Today those muddied waters were stirred up even more as Intel announced it is planning to buy Fulcrum Microsystems, maker of high end 10Gbps and 40Gbps ethernet switches. This purchase would support the theory decided before the purchase of Infineon's wireless group; that Intel is taking a serious look at a total TPM ecosystem. In order to truly trust your platform you need to do more than secure your endpoints. If your server is running AMT or Intel TXT, then you can be assured that any virtual machine running on it can be trusted. As well, if both the server and client are running processors capable of Intel's TPM (sounds so much better that DRM, eh?) again both machines can be considered trusted platforms.
That does not help with trusting data which has been transferred over a WAN, or in some cases even a LAN. Data transfer allows an attacker a means of entry, or at least a way of denying data transfer. With a trusted platform, any data which does not match what is expected by the receiving machine will be prevented from running, so a successful man in the middle attack might not allow remote code execution or privilege escalation but would certainly act as a DoS attack as the TPM client refuses to accept the incoming data. Once the routers and switches involved in the data transfer are secured with the exact same TPM specifications, the entire route is protected and can all be considered part of the same Trusted Platform. The network devices would reject any code injection attempted on the data during transfer, allowing data to flow freely inside a LAN as well as customized WANs.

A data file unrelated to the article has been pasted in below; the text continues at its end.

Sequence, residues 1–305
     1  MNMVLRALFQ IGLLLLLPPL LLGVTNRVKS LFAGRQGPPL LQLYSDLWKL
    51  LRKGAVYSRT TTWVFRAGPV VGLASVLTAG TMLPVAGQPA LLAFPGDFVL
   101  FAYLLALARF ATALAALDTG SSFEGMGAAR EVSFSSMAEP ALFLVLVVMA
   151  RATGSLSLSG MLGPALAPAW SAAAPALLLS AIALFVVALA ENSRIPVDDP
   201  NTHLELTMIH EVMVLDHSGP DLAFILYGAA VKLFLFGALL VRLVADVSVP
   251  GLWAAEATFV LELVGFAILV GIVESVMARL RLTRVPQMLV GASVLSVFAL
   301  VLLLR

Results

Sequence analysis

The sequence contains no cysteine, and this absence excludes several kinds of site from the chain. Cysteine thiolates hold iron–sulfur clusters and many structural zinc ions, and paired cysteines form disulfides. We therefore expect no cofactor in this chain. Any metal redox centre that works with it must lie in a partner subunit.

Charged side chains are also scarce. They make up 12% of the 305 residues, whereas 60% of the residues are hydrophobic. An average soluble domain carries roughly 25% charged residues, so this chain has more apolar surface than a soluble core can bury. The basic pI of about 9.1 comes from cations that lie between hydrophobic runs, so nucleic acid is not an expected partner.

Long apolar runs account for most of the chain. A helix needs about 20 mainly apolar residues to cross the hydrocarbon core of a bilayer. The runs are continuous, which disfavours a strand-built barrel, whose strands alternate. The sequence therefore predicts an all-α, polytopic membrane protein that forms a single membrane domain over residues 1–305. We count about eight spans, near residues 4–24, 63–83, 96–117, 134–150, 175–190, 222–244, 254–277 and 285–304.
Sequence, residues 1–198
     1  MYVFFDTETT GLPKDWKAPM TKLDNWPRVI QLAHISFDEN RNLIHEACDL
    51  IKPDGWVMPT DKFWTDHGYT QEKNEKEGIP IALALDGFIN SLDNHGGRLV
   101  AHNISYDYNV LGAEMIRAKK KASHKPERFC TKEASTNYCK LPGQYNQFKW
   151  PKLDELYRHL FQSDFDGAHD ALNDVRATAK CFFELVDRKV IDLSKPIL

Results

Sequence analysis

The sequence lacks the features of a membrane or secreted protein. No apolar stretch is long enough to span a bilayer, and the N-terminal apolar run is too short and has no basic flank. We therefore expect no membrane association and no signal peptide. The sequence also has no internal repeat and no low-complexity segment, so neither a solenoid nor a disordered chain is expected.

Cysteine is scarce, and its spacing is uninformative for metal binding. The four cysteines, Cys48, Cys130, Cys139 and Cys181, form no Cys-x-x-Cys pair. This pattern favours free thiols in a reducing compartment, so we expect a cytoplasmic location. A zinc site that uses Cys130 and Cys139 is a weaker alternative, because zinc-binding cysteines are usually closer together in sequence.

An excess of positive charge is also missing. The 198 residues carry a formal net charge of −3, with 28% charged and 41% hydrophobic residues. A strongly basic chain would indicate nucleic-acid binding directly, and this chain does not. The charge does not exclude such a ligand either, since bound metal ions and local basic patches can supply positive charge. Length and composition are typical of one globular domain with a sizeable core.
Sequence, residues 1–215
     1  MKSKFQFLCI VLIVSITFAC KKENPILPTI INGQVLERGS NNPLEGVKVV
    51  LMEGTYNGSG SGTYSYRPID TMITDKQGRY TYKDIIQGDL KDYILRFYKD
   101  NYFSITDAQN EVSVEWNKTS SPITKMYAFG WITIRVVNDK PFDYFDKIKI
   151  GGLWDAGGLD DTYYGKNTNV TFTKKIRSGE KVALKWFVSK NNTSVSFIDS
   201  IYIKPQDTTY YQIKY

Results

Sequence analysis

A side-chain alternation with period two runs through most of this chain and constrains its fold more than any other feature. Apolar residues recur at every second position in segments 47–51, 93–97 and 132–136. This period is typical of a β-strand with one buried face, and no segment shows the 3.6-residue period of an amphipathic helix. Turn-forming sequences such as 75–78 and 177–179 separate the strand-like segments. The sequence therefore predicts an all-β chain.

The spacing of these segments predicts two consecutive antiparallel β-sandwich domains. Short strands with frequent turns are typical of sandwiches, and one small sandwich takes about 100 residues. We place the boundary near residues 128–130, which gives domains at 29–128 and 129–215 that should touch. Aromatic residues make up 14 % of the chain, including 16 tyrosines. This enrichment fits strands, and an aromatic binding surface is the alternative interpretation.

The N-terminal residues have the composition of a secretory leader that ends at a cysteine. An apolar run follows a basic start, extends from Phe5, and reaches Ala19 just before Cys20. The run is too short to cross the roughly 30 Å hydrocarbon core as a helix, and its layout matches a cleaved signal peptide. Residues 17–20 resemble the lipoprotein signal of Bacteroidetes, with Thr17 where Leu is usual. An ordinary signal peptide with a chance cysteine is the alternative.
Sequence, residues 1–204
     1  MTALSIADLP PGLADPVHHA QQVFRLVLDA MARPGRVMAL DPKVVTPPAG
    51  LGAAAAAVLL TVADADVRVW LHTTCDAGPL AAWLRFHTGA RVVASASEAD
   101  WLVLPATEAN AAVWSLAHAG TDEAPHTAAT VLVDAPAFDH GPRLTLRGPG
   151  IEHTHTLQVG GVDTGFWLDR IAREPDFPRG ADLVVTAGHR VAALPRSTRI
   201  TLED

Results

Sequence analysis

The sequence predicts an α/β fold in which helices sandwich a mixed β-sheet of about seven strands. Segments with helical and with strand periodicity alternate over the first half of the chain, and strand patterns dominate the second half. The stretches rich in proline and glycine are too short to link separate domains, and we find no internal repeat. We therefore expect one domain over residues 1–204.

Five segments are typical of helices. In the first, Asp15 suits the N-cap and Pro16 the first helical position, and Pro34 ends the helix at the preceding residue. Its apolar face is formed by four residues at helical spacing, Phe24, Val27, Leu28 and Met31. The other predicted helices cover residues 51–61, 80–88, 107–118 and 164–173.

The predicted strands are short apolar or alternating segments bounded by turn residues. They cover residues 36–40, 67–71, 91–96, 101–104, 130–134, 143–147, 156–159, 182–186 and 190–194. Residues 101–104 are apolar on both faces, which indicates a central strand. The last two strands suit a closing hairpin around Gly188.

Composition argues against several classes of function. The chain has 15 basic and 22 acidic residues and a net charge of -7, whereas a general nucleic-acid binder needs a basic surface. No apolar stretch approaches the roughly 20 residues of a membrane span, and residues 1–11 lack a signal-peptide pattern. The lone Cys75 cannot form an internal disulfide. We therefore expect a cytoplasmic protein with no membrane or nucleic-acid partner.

Returning to the secure cell phone theory, we can now consider the possibility of a TPM compliant cell phone thanks to the theoretical integration of Intel processors into your phone and tablet. Now you would be able to include your mobile communications into your TPM ecosystem. Properly implemented that security and not only will you challenge ARM 's market share by out-securing them, you could topple RIM's share of the business market as a BlackBerry may be handy to the sales team but they are a nightmare for the IT/IS security team. Nothing is perfect but that would be a huge step towards defeating the current attack vectors that effect business systems. So far Intel is not saying much, so all we can do is speculate ... which is fun.